could the two men have had in common and what did he so admire in the old
man? It was absolute independence of mind, and the luxury of honesty. In Athens,
as we know, everybody was busy making money, or at least being very busy—chrema
chremet’ aner—the business ethic with
a vengeance. So on some days one could see Diogenes busily rolling his tub
up and down the street, and when people asked what on earth he was doing he
would reply, "I am rolling my barrel in the Metroum," i.e., I am
being busy like everybody else. It was an object lesson to all those busy
people and surprisingly it got across the point so well that to this day Diogenes
is perhaps the most admired exemplar of manhood among the Greeks. Diogenes
Laertes said that Diogenes’ own model in turn was Heracles, "because
he prized independence above all things." He was not impressed by the
pretensions of men and would heartily applaud the teachings of King Benjamin.
recall that the people of King Benjamin met in a great national assembly to
celebrate the completion of the long, victorious, and prosperous reign of
their great king. It was a time for pride and patriotism. So what does Benjamin
do? He devotes his two great addresses to pouring cold water on every display
of enthusiasm: "Now, it came to pass that when king Benjamin had made
an end of speaking . . . that he cast his eyes round about on the multitude,
and behold they had fallen to the earth, for the fear of the Lord had come
upon them. And they viewed themselves in their own carnal state even less
than the dust of the earth" (Mosiah
4:1—2), hardly a case of standing tall, to say the least! "If the knowledge
of the goodness of God at this time has awakened you to a sense of your nothingness,
and your worthless and fallen state, . . . believe that ye must repent of
your sins . . . and humble yourselves before God. . . . I would that ye should
remember, and always retain in remembrance, the greatness of God, and your
own nothingness, and his goodness and long-suffering towards you, unworthy
creatures" (Mosiah 4:5, 10—11). Along with that, he kept reminding them
that he was no better than the rest of them.
reminds us of Benjamin, Alexander reminds us of Moroni, a youthful military
genius of great dash and imagination, but above all of great humanity and
empathy with his fellows. He always calls the enemy "our brethren."
He is always eager to stop the battle the moment he sees a weakening on the
other side and to suggest talking things over. As we are often reminded he
took no pleasure in the shedding of blood and never sought vengeance or even
any reprisals or reparations from the enemy—no preventive arrest, not even
for Zerahemnah, who frankly told Moroni that if he let his people go they
would most certainly break any oaths or promises they made to him. In one
revealing situation Moroni refuses to take advantage of a disabled enemy:
"But had they awakened the Lamanites, behold they were drunken and the
Nephites could have slain them. But behold, this was not the desire of Moroni;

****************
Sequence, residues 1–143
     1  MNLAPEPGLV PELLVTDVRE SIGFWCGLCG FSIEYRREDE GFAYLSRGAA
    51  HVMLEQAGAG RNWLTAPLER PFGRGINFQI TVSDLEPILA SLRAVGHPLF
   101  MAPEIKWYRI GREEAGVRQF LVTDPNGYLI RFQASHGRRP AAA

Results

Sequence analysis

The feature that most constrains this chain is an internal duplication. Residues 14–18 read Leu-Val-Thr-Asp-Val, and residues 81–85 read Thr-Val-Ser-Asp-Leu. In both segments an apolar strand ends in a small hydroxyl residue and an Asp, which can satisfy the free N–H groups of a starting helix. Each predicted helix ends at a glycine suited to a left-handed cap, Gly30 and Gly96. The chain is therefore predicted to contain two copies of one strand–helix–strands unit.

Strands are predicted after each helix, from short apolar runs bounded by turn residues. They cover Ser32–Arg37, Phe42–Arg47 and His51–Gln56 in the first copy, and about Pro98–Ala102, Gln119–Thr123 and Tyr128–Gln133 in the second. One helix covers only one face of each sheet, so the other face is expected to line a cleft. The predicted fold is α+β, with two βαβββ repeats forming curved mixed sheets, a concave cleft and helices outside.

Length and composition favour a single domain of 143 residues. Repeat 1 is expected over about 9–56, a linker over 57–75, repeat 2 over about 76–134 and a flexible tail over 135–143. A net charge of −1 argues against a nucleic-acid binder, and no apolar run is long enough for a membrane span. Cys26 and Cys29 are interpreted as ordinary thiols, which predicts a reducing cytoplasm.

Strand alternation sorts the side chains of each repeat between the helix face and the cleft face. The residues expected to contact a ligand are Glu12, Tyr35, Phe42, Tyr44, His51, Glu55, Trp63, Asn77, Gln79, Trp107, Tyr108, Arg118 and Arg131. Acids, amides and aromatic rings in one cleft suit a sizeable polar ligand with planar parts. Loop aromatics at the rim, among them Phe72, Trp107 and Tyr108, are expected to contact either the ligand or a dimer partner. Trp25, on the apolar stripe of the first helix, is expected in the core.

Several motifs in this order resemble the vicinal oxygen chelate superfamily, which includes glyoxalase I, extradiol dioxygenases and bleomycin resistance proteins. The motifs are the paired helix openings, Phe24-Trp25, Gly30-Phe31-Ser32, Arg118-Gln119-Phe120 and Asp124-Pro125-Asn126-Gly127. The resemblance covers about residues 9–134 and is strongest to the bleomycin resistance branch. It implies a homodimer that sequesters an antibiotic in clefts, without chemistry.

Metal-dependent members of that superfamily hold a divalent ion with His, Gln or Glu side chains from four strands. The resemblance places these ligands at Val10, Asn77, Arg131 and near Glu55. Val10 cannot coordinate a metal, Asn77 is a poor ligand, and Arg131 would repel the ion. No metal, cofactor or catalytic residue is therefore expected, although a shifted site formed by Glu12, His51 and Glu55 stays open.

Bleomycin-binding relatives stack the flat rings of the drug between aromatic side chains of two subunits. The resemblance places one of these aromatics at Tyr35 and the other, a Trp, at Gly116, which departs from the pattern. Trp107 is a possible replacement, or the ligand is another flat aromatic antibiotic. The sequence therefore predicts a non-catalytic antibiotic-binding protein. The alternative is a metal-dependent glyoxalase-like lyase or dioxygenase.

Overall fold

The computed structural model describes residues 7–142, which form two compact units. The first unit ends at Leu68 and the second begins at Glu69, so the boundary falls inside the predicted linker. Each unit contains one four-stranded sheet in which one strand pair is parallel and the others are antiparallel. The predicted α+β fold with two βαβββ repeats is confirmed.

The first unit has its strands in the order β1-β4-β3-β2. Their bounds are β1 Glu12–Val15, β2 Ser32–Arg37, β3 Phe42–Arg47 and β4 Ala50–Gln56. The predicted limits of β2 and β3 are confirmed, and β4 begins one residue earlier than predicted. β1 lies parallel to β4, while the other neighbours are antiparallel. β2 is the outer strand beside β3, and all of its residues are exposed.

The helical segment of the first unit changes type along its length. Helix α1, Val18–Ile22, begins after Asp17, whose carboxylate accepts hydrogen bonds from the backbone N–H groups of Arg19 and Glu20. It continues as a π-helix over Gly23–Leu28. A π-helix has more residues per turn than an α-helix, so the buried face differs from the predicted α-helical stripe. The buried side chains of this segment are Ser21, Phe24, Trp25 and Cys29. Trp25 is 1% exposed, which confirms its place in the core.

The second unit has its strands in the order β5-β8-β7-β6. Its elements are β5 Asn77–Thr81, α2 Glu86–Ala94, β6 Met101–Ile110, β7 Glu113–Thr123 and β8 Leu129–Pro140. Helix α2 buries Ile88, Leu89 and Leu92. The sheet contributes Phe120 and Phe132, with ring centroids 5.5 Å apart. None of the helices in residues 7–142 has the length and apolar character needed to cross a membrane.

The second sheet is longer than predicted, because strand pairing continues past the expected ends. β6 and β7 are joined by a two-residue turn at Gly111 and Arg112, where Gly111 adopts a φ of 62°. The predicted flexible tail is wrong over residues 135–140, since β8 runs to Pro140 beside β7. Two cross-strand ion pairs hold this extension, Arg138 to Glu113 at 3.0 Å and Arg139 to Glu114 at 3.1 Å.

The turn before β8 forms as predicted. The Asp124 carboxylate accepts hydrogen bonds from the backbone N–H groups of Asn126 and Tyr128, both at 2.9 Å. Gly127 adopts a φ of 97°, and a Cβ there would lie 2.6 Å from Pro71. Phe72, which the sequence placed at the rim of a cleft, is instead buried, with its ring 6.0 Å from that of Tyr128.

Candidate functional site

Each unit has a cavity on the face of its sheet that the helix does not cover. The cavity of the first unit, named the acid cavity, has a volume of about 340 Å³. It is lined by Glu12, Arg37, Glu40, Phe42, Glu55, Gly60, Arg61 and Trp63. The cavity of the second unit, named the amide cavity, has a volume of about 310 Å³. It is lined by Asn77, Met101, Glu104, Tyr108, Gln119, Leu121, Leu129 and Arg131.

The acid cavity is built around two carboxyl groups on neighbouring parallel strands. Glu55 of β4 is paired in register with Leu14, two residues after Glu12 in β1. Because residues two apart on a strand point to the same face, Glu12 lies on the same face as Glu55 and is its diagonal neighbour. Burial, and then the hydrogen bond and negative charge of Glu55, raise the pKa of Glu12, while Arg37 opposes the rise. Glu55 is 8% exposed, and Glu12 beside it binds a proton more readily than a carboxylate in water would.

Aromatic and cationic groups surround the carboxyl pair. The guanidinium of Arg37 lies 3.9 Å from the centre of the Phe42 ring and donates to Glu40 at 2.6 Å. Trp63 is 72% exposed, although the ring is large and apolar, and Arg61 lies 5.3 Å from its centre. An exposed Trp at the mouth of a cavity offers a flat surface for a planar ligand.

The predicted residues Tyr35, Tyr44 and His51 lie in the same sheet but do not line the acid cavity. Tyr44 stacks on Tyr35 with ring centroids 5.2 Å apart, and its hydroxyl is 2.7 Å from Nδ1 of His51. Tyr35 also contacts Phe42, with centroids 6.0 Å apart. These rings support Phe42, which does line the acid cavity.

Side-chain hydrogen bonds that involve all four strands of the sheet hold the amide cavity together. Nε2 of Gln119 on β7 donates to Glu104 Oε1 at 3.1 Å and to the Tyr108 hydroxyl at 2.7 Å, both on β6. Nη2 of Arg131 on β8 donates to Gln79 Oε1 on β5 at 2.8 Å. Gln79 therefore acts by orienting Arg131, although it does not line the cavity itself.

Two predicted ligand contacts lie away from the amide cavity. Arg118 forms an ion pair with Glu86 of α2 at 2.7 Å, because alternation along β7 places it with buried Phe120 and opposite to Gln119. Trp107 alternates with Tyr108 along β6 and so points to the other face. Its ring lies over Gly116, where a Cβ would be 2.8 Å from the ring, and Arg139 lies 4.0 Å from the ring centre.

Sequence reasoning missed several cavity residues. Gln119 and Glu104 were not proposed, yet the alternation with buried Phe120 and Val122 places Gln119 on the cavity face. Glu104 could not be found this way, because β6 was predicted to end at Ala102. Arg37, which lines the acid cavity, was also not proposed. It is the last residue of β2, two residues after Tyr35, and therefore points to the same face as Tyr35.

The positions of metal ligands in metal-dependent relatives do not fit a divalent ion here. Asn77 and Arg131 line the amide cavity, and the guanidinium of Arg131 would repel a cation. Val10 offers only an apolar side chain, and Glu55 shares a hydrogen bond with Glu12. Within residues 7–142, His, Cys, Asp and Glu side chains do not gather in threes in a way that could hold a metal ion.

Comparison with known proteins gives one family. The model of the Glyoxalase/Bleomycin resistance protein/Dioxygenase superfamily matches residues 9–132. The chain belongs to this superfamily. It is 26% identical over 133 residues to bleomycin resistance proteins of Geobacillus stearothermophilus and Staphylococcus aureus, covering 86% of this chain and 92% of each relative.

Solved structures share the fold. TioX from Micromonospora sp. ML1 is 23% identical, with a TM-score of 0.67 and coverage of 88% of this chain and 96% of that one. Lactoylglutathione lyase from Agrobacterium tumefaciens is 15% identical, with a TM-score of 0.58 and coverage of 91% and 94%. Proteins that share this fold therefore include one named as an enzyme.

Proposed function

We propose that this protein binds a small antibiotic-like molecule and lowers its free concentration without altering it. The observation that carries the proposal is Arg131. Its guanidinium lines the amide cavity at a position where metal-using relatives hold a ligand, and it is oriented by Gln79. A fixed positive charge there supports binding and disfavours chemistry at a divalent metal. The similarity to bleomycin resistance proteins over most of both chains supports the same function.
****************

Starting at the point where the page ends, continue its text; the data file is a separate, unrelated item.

he did not delight in murder or bloodshed, but he delighted in the saving
of his people from destruction; and for this cause he might not bring upon
him injustice, he would not fall upon
the Lamanites and destroy them in their drunkenness" (Alma 55:18—19).
He would not take advantage of those disgusting people who had done all manner
of wicked things. How would Alexander and Moroni have responded to General
Powell’s remark that the number of dead Iraqis "is not a number I’m terribly
interested in," or to Mr. Fitzwater’s insistence that we should feel
not the slightest guilt or responsibility for any of the destruction in the
Gulf in "a war caused by Saddam Hussein"?
has been held up to us as a prime example of exemplary manhood: "If all
men had been, and were, and ever would be, like unto Moroni, behold, the very
powers of hell would have been shaken forever; yea, the devil would never
have power over the hearts of the children of men" (Alma 48:17). You
do not deliver the hearts of men from the power of the devil by high explosives,
for "this was the faith of Moroni, and his heart did glory in it; not
in the shedding of blood but in doing good, in preserving his people, yea,
in keeping the commandments of God, yea, and resisting iniquity" (Alma
48:16). There was the enemy—the only place you can resist iniquity is in
yourself. Alma sums up all the virtues of Moroni in the ringing pronouncement,
"Behold, he was a man like unto Ammon, the son of Mosiah, yea, and even
the other sons of Mosiah" (Alma 48:18). This is not Ammon, the mightiest
warrior in the Book of Mormon, but explicitly Ammon the missionary with his
companions. Ammon humbled himself as a servant and groom to a king and put
on a stunning display of martial arts in the rough games at the Waters of
Sebus. But the one achievement in which he glories is the true measure of
his greatness, when he subdued an indescribably cruel and uncompromising enemy.
"For if we had not come up out of the land of Zarahemla, these our dearly
beloved brethren . . . would still have been racked with hatred against us,
yea, and they would also have been strangers to God. . . . Yea, I know that
I am nothing; as to my strength I am weak; therefore I will not boast of myself
but I will boast of my God" (Alma 26:9, 12). Then he tells his story.
He and the sons of Mosiah had this wild idea of going on a mission to the
enemy: "They said unto us: Do ye suppose that ye can bring the Lamanites
to the knowledge of the truth? Do ye suppose that ye can convince the Lamanites
of the incorrectness of the traditions of their fathers, as stiffnecked a
people as they are; whose hearts delight in the shedding of blood; whose days
have been spent in the grossest iniquity; whose ways have been the ways of
transgressor from the beginning? Now my brethren, ye remember that this was
their language" (Alma 26:24). The idea was so absurd that "they